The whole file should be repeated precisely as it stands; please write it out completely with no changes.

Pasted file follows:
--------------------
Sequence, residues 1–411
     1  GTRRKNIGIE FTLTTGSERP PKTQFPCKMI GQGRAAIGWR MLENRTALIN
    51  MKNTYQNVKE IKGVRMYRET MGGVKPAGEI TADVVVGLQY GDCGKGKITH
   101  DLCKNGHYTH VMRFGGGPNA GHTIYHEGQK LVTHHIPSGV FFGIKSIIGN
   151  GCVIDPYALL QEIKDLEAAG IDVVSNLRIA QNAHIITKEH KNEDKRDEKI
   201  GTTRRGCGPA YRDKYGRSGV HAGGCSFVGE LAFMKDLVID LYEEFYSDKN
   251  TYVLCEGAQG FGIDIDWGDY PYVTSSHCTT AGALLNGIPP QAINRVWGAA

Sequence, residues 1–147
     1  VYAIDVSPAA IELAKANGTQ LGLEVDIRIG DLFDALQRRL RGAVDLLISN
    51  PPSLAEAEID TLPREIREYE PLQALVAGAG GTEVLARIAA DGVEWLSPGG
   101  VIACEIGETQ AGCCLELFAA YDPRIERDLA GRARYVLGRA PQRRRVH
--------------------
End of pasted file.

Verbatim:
Sequence, residues 1–411
     1  GTRRKNIGIE FTLTTGSERP PKTQFPCKMI GQGRAAIGWR MLENRTALIN
    51  MKNTYQNVKE IKGVRMYRET MGGVKPAGEI TADVVVGLQY GDCGKGKITH
   101  DLCKNGHYTH VMRFGGGPNA GHTIYHEGQK LVTHHIPSGV FFGIKSIIGN
   151  GCVIDPYALL QEIKDLEAAG IDVVSNLRIA QNAHIITKEH KNEDKRDEKI
   201  GTTRRGCGPA YRDKYGRSGV HAGGCSFVGE LAFMKDLVID LYEEFYSDKN
   251  TYVLCEGAQG FGIDIDWGDY PYVTSSHCTT AGALLNGIPP QAINRVWGAA

Sequence, residues 1–147
     1  VYAIDVSPAA IELAKANGTQ LGLEVDIRIG DLFDALQRRL RGAVDLLISN
    51  PPSLAEAEID TLPREIREYE PLQALVAGAG GTEVLARIAA DGVEWLSPGG
   101  VIACEIGETQ AGCCLELFAA YDPRIERDLA GRARYVLGRA PQRRRVH